Gold rush in China

BEIJING: Ms Zhang Cuiping is spending the Golden Week public holidays on one of the hottest national pastimes this month – buying gold.

The accountant has been jostling with crowds in jewellery shops since China’s national day last Friday, even as prices of the precious metal have hit record highs.

‘Everyone is buying gold – my colleagues, the vegetable seller… and I’m sure the government is buying a lot,’ she told The Straits Times at a jewellery outlet as she was choosing bracelets priced at a record 340 yuan (S$67) per ounce.

Besides consumers like Ms Zhang, local investors and officials seeking to diversify China’s US$2.5 trillion (S$3.3 trillion) of foreign exchange reserves have joined a global gold rush in the past year.

Some speculate that the nation’s growing appetite for retail gold may turn it into the world’s biggest consumer, surpassing India, which bought 123 tonnes last year compared with China’s 75 tonnes.

This month, with gold futures crossing the psychological level of US$1,300, its influence as the world’s biggest producer and one of the largest buyers of the precious metal has never been greater.

All eyes are also on the role of its controversial yuan policy in contributing to the 5 per cent spike in gold prices last month, amid fears of a currency war.

The metal has become a safe haven for investors as the United States dollar, clouded by a murky economic outlook, continues to slide, said Mr David Cohen of research company Action Economics.

‘Gold has appealed to investors… who have been fleeing from other currencies in the past month or so,’ he added.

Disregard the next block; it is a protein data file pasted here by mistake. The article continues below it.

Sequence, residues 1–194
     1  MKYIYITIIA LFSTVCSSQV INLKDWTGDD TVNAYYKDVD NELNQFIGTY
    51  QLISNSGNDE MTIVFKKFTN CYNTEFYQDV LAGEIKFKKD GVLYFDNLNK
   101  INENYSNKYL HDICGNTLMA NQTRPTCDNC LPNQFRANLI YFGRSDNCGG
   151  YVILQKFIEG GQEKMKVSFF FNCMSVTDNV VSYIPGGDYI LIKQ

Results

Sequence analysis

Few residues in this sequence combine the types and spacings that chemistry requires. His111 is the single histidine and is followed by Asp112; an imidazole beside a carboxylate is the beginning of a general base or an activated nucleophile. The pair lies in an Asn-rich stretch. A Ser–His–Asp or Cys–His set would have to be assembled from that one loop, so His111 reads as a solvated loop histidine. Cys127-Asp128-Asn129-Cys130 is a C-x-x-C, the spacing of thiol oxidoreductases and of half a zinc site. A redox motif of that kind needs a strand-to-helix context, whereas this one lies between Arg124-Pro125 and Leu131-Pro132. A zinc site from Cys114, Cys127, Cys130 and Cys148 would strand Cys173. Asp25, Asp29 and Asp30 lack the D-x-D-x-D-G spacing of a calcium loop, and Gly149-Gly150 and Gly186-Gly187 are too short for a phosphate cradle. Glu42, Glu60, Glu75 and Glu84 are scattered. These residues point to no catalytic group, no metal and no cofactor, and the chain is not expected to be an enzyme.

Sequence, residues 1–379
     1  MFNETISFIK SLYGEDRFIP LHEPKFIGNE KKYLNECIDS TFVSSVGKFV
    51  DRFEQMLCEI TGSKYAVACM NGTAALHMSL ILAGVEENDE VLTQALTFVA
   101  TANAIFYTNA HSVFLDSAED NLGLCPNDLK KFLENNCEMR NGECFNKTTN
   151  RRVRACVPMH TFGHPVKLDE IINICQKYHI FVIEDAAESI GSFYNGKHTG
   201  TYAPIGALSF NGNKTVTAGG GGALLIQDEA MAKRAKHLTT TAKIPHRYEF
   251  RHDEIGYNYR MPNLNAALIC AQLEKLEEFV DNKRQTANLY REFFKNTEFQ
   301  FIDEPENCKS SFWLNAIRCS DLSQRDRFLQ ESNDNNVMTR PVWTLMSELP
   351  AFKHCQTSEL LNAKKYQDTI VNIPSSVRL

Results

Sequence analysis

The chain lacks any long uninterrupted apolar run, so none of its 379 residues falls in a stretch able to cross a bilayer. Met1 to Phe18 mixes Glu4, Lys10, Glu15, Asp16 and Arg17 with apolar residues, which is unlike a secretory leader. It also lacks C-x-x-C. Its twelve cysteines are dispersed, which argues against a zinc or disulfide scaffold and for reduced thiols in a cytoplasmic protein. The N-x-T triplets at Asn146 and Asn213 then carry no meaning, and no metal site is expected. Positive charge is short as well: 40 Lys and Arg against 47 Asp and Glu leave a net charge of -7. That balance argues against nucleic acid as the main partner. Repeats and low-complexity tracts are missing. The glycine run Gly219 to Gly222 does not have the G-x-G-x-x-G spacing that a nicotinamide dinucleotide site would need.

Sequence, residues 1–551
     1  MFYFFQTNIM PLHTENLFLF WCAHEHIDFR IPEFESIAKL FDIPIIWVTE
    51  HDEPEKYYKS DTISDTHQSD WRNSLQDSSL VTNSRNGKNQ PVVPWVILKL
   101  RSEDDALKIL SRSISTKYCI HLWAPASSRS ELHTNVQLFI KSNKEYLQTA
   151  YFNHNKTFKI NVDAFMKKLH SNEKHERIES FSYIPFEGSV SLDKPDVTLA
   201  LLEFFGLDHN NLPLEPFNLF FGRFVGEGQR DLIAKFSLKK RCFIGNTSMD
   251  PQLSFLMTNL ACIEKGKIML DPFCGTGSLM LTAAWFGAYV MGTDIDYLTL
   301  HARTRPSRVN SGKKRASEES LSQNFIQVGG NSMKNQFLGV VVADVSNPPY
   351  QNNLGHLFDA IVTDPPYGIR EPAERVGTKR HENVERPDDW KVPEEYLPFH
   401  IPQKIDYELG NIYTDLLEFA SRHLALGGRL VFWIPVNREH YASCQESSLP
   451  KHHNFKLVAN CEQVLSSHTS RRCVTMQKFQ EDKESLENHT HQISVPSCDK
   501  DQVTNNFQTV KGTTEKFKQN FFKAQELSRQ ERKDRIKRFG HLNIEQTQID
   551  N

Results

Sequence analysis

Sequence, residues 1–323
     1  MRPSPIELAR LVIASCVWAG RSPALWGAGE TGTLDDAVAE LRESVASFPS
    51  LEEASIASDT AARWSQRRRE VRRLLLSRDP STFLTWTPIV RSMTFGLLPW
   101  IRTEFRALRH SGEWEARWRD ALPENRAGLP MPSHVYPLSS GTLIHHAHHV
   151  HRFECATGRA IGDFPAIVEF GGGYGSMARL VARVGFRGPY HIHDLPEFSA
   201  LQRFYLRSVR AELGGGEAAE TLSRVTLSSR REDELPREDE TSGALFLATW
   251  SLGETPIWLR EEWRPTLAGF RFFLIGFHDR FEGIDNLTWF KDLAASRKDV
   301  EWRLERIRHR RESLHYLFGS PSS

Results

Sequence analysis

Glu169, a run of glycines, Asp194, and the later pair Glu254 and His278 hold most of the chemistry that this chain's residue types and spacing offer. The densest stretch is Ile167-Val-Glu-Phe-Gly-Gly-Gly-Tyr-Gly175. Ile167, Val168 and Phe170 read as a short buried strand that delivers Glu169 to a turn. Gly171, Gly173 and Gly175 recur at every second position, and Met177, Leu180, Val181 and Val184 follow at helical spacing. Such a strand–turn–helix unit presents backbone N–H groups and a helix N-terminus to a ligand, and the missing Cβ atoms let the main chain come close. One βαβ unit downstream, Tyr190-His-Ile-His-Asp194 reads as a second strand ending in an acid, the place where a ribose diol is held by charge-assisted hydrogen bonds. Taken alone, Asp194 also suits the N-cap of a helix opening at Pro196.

Many governments from Asia to Latin America have been intervening to keep their currencies from rising.

Their moves are somewhat similar to what China is allegedly doing to the yuan, which some claim is still 25 per cent undervalued despite Beijing’s shift to a more flexible currency policy in June.

Nervous that governments may make their currencies cheaper – and hence cheapen exports, investors, including rich Chinese, have been shifting to gold.

‘My clients have been buying a lot more gold so that they can allocate at least 10 per cent of their portfolios to precious metals,’ said a Hong Kong-based private banker who declined to be named to protect her tycoon clients’ privacy.

These clients are among those taking advantage of Beijing’s recent move to ease restrictions on gold imports.

This will help address the growing shortfall between demand and supply, which hit 144 tonnes last year, said Mr Albert Cheng, a World Gold Council executive, to Reuters last Tuesday.

A major chunk of China’s gold supply, which is mined by state-owned companies, is believed to have been absorbed by Beijing, as it parks more of its forex reserves in gold and other commodities.

The country surprised the bullion market when it said last year its gold holdings was more than1,000 tonnes, almost double what it had earlier claimed to hold.

This makes up about 1.6 per cent of its reserves. In order for this proportion to reach the world average of 10.7 per cent, it would need to buy some 7,000 tonnes – thrice last year’s global mine output.

Now, some are worrying that China’s demand will put a huge strain on the global market and drive up prices further.

Gold is already tipped to hit US$1,500 per ounce next year.

‘China… could consume the global annual supply of gold mining production and still only hold 5 per cent of gold (as a proportion) to total foreign reserves,’ said Australian bank ANZ in a report.

But others are more sanguine, saying that it will avoid large-scale gold purchases which will spark market panic – just as it has not dumped US treasuries so far.

Mr Cohen added that China will be savvy about managing the risk of its forex reserves investments, including gold.

‘Gold is a very volatile investment – and China knows that. I don’t think they will overdo it.’

Source: Straits Times (subscribers only)

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